Wednesday, December 9, 2015

How Aging Improves Brain Function

The New York Times reported recently that researchers have discovered significant differences in the way young people and middle-aged people process information and solve problems. When young people undertake a cognitive task, the part of the brain they activate tends to be "highly localize." Older people draw upon a broader spectrum of cognitive facilities when approaching the same task.
The researchers—who probably wish they were still young, so they could be doing something  more fun than looking at brain scans—have come up with a perversely inaccurate acronym for this phenomenon: HAROLD. This stands for "hemispheric asymmetry reduction in older adults." According to the article, most researchers agree this phenomenon represents "a general reorganization and weakening of the brain’s function with age."
But is that true? Has it been established scientifically that the solution arrived at most rapidly, and using the least amount of brainpower, is invariably the best? Frankly, I think it's more often the other way around. Young people tend to have plenty of energy, but they often mistake their own tiny corner of the world for the world itself, and as a result, they make snap judgments that often prove to be inaccurate and can sometimes be personally harmful.
Older people, tempered and enlightened by such experiences, are much better at seeing the connections between things, reserving judgment, pondering alternatives. Due to these qualities, (which, prior to the age of acronyms, went collectively under the name "maturity") they often become adept at charting a safe, effective, creative, and reliable course between A and B.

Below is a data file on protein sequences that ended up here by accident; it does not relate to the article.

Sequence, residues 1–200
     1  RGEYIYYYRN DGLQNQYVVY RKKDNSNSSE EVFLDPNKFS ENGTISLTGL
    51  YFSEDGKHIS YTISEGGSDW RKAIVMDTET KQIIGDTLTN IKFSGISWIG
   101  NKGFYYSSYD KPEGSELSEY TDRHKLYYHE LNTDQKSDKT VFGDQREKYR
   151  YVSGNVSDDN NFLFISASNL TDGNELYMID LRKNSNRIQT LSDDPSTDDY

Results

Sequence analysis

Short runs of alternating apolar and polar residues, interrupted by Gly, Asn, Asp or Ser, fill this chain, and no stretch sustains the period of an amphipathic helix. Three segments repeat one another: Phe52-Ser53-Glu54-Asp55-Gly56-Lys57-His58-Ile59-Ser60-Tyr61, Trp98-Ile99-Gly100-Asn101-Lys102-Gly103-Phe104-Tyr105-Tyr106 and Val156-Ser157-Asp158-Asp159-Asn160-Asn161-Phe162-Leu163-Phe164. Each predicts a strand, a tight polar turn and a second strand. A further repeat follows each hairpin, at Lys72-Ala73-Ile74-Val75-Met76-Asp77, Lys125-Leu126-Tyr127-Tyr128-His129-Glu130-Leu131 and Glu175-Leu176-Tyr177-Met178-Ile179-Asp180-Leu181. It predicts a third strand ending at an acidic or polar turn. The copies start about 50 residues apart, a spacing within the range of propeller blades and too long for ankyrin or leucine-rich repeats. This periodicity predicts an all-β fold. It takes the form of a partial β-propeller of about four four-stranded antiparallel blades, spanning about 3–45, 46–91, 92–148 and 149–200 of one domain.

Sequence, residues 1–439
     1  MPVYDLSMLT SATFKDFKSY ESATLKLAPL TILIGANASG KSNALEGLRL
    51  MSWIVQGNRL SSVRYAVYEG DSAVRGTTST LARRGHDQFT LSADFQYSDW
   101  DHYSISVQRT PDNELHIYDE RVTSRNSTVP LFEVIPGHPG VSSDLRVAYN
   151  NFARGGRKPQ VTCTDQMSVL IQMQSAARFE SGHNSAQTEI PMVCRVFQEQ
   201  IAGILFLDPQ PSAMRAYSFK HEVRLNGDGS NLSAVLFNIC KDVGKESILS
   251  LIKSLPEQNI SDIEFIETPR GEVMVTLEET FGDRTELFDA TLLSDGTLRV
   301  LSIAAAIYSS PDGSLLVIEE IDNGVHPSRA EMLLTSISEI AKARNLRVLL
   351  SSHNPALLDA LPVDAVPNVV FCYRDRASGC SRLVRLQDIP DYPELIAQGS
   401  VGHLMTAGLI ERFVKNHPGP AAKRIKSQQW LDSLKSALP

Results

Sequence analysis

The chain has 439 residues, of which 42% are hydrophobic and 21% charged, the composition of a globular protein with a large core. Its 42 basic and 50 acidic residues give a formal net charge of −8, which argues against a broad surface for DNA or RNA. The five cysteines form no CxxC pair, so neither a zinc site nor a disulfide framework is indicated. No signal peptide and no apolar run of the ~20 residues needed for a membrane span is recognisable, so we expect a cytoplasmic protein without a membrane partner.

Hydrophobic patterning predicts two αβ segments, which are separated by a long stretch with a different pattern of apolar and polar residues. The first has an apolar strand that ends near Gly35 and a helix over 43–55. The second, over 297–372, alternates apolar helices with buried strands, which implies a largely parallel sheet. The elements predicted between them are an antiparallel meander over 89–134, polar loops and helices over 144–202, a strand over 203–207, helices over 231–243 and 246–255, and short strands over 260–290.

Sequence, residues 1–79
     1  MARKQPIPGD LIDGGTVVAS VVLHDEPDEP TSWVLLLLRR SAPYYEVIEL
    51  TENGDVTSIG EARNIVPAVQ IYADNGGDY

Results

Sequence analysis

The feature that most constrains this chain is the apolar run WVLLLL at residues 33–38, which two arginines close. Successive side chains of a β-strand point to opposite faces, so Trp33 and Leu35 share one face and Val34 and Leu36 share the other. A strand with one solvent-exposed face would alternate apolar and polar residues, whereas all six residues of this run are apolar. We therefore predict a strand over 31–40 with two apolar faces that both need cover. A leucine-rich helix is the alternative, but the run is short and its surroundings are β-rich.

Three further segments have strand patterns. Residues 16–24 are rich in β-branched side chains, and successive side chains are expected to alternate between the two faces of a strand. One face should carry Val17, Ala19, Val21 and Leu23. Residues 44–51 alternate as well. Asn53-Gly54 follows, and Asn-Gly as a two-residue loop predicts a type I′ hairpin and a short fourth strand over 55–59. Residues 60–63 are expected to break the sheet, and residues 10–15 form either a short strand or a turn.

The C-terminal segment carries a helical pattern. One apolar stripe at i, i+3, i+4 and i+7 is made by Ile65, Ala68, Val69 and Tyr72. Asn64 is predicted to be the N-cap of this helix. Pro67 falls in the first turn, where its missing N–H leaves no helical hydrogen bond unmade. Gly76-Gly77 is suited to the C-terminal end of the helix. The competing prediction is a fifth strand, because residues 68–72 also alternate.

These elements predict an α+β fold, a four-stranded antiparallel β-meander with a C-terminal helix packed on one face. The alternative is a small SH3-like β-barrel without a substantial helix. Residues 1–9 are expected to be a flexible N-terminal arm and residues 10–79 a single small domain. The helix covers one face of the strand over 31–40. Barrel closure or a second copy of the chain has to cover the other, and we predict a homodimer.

(In the photo above, we see some seasoned adults pondering alternatives: mushrooms laced with truffle-oil, camponata with cocoa powder, prosciutto.)
Rather than burdening older folks with yet another dreadful syndrome, HAROLD, researchers ought to be studying, and celebrating,  HEART—this is, Hemispheric Equilibrium and Reflective Temper.

(And by the way, did you see the frost on the grass this morning, glistening in the low morning sun?)
On the methodological level, the study once again reminds us that it isn't easy to design experiments involving the complex tasks that older people typically have to deal with, where one of the options might be to ignore the task altogether.
(Which reminds me: I still have time to clean out the gutters before the snow hits!)
So the researchers took the easy way out once again, designing a simple study focusing on simple tasks. The conclusions were hardly startling: the elderly subjects who were best at solving simple tasks happened to be in better shape physically.
(And that reminds me: I haven't been to the gym in a week!)

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